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Ferguson v. California Department of Justice

United States District Court, N.D. California

July 4, 2017

PHILLIP FERGUSON, et al., Plaintiffs,



         Pending before the Court are two motions to dismiss: one filed by the State of California by and through the California Department of Justice (“California DOJ”) (collectively, “State Defendants”), Dkt. No. 4 (“State's Mot.”), and the other filed by six special agents employed by the California DOJ (“Agents”), Dkt. No. 7 (“Agents' Mot.”). Both motions seek dismissal of the first amended complaint, Dkt. No. 1, Ex. A (“FAC”), filed by twenty patients (collectively, “Plaintiffs”) who received medical treatment from the Bay Area Consortium for Quality Healthcare (“BAC”), id. ¶ 1. Plaintiffs filed a single opposition to both motions, Dkt. No. 9 (“Opp.”), [1] and Defendants filed a single reply, Dkt. No. 10 (“Reply”). The Court finds that this matter is appropriate for disposition without oral argument and the matter is deemed submitted. See Civil L.R. 7-1(b). Having carefully considered the arguments made by the parties, the Court hereby GRANTS the State Defendants' motion to dismiss as to all causes of action and GRANTS the Agents' motion to dismiss as to Plaintiffs' cause of action under 42 U.S.C. § 1983. The Court does not reach the merits of Plaintiffs' state law claims against the Agents, as it would decline to exercise supplemental jurisdiction over them absent a viable federal claim.


         The Court first addresses Defendants' requests for judicial notice because they are relevant to the facts of the case. Each of the motions to dismiss is accompanied by a substantively identical request for judicial notice. See Dkt. Nos. 5, 8 (collectively, “RJNs”). Each RJN attaches the same March 6, 2015 search warrant issued by the California Superior Court, County of Alameda, ordering the search and seizure of evidence of felony criminal activity located at 405 14th Street, Suite 300, Oakland, California (“Premises”), and other locations. See RJNs, Ex. A (“Warrant”).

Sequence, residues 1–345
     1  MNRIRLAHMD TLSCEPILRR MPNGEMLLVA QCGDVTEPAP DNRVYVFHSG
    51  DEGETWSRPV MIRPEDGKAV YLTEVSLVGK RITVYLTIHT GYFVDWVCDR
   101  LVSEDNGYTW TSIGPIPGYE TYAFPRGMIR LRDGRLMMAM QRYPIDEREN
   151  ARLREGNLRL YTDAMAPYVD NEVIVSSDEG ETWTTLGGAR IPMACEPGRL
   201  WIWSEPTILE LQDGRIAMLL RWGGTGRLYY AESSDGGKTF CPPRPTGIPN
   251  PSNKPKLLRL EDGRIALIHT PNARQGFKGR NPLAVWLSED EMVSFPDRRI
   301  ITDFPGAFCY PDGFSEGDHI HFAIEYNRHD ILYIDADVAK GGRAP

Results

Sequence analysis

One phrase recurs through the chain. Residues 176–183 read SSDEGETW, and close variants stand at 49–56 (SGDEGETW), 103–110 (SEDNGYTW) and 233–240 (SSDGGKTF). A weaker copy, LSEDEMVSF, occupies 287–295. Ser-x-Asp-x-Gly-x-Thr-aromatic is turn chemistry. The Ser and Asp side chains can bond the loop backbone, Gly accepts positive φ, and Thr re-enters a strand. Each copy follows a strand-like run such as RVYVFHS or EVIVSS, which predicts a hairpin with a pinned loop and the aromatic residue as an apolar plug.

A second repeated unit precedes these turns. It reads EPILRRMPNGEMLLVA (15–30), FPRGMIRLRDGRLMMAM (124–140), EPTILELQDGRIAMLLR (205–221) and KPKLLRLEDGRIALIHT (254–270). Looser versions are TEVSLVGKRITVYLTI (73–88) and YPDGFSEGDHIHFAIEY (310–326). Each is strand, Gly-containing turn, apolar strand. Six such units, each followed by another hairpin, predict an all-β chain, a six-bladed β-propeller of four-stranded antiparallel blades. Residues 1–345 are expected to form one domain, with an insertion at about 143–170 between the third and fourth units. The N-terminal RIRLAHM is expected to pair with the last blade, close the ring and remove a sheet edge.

Courts may take judicial notice of facts outside the pleadings on a motion to dismiss. Mack v. S. Bay Beer Distribs., 798 F.2d 1279, 1282 (9th Cir. 1986), abrogated on other grounds by Astoria Fed. Sav. & Loan Ass'n v. Solimino, 501 U.S. 104 (1991). “The court may judicially notice a fact that is not subject to reasonable dispute because it . . . can be accurately and readily determined from sources whose accuracy cannot reasonably be questioned.” Fed.R.Evid. 201(b). Under Federal Rule of Evidence 201(b), a court may judicially notice “matters of public record.” Lee v. City of Los Angeles, 250 F.3d 668, 689 (9th Cir. 2001), overruled on other grounds by Galbraith v. County of Santa Clara, 307 F.3d 1119, 1125-26 (9th Cir. 2002). Courts regularly find that search warrants are public records properly subject to judicial notice. See, e.g., Bennett v. County of Shasta, No. 2:15-cv-01764-MCE-CMK, 2016 WL 3743151, at *1 (E.D. Cal. July 13, 2016); Assali v. City of Simi Valley, No. CV 13-09201-R (VBK), 2014 WL 3818062, at *4-5 (C.D. Cal. July 31, 2014). Here, Plaintiffs do not dispute the existence or the authenticity of the search warrant. The Court GRANTS the RJNs because the search warrant is not subject to reasonable dispute and is a matter of public record.

         II. FACTS